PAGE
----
Sir James Munby is not a man who is afraid to speak his mind, and that, surely, is no bad thing for the President of the Family Division. He will ‘fight the corner’ of the family justice system and those who have to use it, for example those who no longer have the benefit of legal aid and cannot afford to pay for representation. However, sometimes his ire is directed inwards, at those who work within the system.
Such was the situation in S (A Child) (No 2), his second judgment in the case, specifically handed down in order to highlight “various instances of poor practice which need to be identified with a view to ensuring, so far as possible, that they do not recur”.
The case concerned care proceedings in relation to a little boy, S, who was born on 3 March 2013. The proceedings were issued in September 2013 but a final care order was not made until June 2014. It was also ordered that S should be placed for adoption. S’s father sought to appeal against these orders and in August 2014 the court allowed the appeal. The care and placement orders were set aside and a retrial was ordered.
The retrial was heard by the President in November 2014. He decided that S’s welfare demanded that he should grant the local authority the care and placement orders that it sought.
The President announced his decision on 25 November, but his judgment was not handed down until 6 March. On the same day, he handed down the second judgment, which covered three instances of ‘poor practice’ on the part of the professionals involved in the case.
The first targets of his ire were the father’s solicitors and the local authority, for their handling of the appeal. The father’s solicitors wrote to the local authority informing it of the father’s intention to appeal and requesting confirmation that it would not place S for adoption prior to the conclusion of the appeal. The local authority did not reply and the letter appears to have been forgotten or mislaid by the local authority, which decided to proceed with the adoption, without notifying the father. The situation, said the President, could have been avoided “if only the solicitors had ‘chased’ the local authority for an answer to their letter … and, more especially, if the local authority’s legal department had checked the position with the father’s solicitors”.
Matters then went from bad to worse, as S was placed with the adopters before the father’s appeal was heard. As I have said above, the father’s appeal was successful, but the adopters were not told of this straight away, as they were away on holiday. Needless to say, when they were told they were extremely distraught, which led the President to comment:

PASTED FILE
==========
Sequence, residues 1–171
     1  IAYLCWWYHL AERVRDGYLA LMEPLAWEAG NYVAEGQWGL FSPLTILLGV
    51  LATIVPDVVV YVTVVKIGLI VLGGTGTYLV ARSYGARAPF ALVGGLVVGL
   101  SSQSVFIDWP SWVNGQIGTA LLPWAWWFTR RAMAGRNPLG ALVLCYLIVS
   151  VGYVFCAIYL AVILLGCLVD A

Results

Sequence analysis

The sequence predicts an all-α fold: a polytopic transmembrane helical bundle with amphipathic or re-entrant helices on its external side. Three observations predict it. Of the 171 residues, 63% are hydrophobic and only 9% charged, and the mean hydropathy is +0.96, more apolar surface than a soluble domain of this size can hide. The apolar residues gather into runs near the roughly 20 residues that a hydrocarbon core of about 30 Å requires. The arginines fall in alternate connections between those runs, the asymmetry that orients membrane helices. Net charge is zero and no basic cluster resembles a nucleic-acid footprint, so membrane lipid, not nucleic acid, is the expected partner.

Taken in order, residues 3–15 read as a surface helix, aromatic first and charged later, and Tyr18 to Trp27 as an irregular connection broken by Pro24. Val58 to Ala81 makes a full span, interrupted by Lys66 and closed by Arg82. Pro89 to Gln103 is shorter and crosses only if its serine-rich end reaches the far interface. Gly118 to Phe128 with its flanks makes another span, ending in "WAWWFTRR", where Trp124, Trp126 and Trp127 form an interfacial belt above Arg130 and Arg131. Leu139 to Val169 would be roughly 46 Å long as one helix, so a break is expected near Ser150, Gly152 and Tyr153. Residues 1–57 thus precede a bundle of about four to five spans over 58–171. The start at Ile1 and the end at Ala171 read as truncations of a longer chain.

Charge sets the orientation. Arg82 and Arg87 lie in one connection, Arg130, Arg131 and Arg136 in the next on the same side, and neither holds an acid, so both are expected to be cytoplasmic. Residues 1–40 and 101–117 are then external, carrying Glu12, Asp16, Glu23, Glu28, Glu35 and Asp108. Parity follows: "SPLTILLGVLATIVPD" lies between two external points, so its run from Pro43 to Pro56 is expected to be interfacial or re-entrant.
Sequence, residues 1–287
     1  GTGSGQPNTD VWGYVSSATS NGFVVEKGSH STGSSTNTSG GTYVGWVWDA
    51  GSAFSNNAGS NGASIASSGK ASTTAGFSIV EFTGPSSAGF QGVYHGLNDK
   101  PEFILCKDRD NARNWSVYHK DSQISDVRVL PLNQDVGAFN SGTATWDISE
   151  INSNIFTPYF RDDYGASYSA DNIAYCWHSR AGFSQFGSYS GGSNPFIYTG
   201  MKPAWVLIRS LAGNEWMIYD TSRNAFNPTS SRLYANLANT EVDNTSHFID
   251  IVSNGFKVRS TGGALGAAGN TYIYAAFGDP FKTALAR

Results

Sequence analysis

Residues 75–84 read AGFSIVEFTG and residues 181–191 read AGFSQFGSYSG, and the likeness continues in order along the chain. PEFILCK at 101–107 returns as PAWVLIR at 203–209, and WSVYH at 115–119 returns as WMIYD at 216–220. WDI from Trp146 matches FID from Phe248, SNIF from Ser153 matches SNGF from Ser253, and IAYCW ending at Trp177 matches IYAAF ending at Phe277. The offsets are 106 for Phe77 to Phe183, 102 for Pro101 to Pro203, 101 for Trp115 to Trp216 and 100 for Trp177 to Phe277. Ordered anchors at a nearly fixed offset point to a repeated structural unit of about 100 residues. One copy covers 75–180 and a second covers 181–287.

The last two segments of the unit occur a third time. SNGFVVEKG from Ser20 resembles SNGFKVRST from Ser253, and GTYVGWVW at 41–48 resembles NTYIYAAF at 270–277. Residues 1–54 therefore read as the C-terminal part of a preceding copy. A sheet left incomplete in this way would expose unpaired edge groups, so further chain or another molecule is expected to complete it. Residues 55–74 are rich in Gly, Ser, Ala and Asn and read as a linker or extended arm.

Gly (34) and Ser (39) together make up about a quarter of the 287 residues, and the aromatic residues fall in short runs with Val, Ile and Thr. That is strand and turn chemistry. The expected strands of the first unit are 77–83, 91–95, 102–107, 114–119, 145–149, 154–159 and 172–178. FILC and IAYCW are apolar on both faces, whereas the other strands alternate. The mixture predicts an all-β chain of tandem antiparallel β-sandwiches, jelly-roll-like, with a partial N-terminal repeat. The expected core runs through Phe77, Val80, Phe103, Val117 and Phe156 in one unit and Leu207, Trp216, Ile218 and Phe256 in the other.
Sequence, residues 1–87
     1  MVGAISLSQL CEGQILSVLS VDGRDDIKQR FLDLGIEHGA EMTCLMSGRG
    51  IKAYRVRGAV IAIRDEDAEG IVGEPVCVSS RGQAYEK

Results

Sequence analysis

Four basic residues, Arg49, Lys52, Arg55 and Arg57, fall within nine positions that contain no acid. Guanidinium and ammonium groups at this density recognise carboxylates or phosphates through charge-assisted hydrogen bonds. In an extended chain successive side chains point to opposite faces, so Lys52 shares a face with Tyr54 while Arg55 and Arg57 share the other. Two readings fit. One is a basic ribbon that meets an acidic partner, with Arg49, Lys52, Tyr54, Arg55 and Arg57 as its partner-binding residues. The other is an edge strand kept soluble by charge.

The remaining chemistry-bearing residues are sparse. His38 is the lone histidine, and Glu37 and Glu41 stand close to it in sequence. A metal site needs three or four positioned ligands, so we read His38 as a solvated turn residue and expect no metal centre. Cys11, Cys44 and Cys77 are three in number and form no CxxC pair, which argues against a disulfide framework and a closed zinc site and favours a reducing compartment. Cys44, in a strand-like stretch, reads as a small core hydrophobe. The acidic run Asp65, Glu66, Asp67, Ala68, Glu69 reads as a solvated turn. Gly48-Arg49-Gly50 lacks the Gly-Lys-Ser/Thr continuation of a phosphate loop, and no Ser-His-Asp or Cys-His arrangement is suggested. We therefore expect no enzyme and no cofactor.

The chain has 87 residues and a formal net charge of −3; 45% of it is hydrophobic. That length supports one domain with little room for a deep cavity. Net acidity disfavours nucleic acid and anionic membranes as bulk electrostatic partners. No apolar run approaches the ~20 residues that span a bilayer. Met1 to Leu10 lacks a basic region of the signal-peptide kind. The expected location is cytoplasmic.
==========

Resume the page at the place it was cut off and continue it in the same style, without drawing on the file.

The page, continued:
“I am not surprised. No doubt the initial decision not to tell the adopters what was going on was taken with the best of motives, even if the thinking which underlay it was naïve and fraught with problems. But the all too foreseeable consequence was that the local authority was gradually enmeshed in a series of dealings with the adopters which passed imperceptibly from non-disclosure to something more serious. Complete frankness was surely called for from the outset.”
The final instance of poor practice was on the part of the local authority. Earlier in the proceedings it had been directed to identify what practical support the father needed if he were to care for S, and what support it could provide from its own resources, or with any external supports that could be provided. In response, all the local authority did was to say that it needed to discuss the matter with another authority. As the President said, “You do not identify what is needed by saying that you are going to discuss it with someone.” Thankfully, this failure by the local authority to comply with the court’s order did not impact upon the outcome of the case.
This judgment obviously deals with very specific instances of poor practice, but it will no doubt also serve as a reminder of the very high standards expected of those who work within the family justice system.
The judgment can be found here.